Time to settle on a quarterback at K-State

Updated: 2013-11-21T22:09:47Z


The Kansas City Star

— Give the offense to Daniel Sams and go from there.

With his 199 rushing yards Saturday and Kansas State moving with greater ease when he’s taking snaps, Sams has the look of a player to build around. Live with the sophomore’s mistakes now and trust there’s a big payoff.

But it’s not that simple because K-State’s best chance at finishing strong this season is probably with a combination of Sams and Jake Waters, who has started every game, including Saturday’s 35-25 loss to Baylor.

There’s some merit to the idea that a team with two quarterbacks doesn’t have one, but Kansas State presents the classic case of separate strengths.

Bill Snyder repeated a thought he’s made often this season about the players’ abilities: “Both can run and throw, and they’ve invested themselves in it.”

But Sams is uncommonly good as the team’s top rusher; and on Saturday, with last year’s hero Collin Klein watching from a suite, Sams did his best Klein imitation and added speed to the equation.

Like Klein, Sams excelled at reading the blocks and allowing them to happen before making a move. Three times Saturday it helped Sams reach the end zone.

College football these days favors the multidimensional quarterbacks. Some of the game’s top guns like Texas A&M’s Johnny Manziel, Oregon’s Marcus Mariota, Clemson’s Tajh Boyd all keep defenses guessing.

Waters isn’t a sprinter but makes good option reads and ripped off a season-high 24-yard gain. And he’s the better passer, although throwing numbers weren’t pretty Saturday — a combined 10 of 22 for 118 yards.

The Wildcats were hurt by the injuries to starting wide receivers Tyler Lockett and Tramaine Thompson, and with an open week before the schedule resumes, Snyder said he believed both would be back for the Oct. 26 West Virginia game.

Without them, K-State became one-dimensional and nearly made it work because of Sams. By controlling the clock and holding the ball for more than 39 minutes, the Wildcats kept Baylor’s 70-point-per game offense off the field.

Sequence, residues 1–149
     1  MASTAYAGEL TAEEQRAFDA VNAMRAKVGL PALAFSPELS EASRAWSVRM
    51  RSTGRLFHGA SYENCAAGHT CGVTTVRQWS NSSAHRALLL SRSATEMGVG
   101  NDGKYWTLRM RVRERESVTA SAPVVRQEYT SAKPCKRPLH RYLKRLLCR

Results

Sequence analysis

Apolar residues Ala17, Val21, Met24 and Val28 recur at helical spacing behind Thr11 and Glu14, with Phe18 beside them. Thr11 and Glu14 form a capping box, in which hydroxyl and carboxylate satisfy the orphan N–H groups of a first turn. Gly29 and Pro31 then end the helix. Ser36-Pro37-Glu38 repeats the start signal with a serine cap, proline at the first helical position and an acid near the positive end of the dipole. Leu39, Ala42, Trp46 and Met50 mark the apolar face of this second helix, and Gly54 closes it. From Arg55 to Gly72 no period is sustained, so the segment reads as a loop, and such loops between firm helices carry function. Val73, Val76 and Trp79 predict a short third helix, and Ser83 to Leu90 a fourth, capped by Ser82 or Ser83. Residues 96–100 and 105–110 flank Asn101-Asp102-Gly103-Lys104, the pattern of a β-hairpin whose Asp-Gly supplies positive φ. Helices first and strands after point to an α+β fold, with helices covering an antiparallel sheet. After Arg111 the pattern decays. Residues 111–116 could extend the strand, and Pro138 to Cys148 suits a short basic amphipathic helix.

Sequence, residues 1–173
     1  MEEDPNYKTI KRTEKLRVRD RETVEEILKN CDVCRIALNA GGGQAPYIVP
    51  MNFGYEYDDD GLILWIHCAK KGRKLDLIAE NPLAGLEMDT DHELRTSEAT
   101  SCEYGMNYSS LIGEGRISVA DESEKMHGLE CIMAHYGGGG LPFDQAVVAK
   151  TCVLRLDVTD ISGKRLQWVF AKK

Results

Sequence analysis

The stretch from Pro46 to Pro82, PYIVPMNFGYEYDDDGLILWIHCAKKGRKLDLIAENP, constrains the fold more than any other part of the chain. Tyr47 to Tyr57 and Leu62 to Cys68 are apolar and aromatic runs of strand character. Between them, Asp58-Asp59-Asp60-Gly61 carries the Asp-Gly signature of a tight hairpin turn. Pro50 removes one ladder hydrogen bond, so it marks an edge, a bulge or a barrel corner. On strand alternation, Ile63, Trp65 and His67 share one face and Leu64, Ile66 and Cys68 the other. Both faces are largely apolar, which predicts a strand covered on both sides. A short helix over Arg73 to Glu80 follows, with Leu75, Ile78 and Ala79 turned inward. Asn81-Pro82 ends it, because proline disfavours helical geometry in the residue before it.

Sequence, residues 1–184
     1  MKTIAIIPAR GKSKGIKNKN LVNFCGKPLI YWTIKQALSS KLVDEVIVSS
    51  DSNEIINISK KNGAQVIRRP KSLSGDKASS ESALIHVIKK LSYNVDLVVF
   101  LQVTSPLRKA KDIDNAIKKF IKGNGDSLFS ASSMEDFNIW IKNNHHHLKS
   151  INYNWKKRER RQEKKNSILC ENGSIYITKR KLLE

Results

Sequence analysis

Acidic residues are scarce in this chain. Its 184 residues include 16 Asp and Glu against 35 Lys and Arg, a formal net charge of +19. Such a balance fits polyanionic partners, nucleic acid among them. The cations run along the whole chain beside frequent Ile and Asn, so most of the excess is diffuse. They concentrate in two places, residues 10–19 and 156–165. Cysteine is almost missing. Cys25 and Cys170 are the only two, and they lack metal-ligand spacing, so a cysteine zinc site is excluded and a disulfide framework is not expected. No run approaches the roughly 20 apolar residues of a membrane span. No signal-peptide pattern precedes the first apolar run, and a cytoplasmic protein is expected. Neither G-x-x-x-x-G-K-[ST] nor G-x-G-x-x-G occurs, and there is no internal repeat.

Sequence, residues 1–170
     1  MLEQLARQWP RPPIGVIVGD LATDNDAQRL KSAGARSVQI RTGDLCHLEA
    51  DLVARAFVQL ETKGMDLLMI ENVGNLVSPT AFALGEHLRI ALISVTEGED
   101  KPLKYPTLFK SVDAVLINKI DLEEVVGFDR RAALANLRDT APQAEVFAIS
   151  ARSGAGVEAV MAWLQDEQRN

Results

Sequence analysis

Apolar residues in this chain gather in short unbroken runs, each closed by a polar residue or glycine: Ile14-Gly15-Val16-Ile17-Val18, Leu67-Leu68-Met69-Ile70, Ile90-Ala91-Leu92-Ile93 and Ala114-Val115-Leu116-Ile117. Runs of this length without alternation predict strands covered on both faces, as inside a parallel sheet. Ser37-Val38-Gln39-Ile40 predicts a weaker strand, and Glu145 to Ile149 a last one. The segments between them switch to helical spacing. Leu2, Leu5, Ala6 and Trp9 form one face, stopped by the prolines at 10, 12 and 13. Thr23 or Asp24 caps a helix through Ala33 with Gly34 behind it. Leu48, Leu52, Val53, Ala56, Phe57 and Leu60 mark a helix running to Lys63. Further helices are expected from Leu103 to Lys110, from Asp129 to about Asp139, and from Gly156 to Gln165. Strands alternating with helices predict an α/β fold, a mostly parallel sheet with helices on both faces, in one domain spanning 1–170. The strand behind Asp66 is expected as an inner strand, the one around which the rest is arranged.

The problem for Kansas State was, Baylor didn’t need much time to score. Three Bears’ touchdown possessions, starting with a 93-yard strike from Bryce Petty to Tevin Reece, took fewer than 75 seconds each.

For the first time this season, Baylor, which resisted three-and-outs and punting situations all season, found itself in a dogfight, and Bears coach Art Briles expected no less.

“Everything had been fairly simple,” Briles said. “Everything had been in our favor. We knew it would change.”

Mostly because of the guy on the other side of the field.

“(Snyder) makes other coaches like myself think, ‘I’ve got a lot of work to do’” Briles said.

Kansas State appeared to have worked itself into a good spot when, setting up at its 20 with 4:28 remaining. The Wildcats had moved the ball all day. One final drive to go ahead, or send the game to overtime, almost seemed destined.

Here’s where the two-quarterback thing may make sense. On the second snap, Sams rolled out and chucked a bad throw that Baylor corner Ahmad Dixon picked off just before running into the Kansas State bench.

That’s two straight weeks in which a Sams interception on the final drive ended K-State’s comeback hopes. Waters may have been the better choice in those spots.

Kansas State has lost its first three Big 12 games even in a down year for the Big 12. The Wildcats, the defending league champions, need plenty of help to be part of the championship race. But because of the remaining schedule, K-State can still make a bowl game despite a 2-4 overall record.

By giving the majority of snaps to Sams, the Wildcats probably would get there and set themselves up for more in the future.

To reach Blair Kerkhoff, call 816-234-4730 or send email to Follow him at

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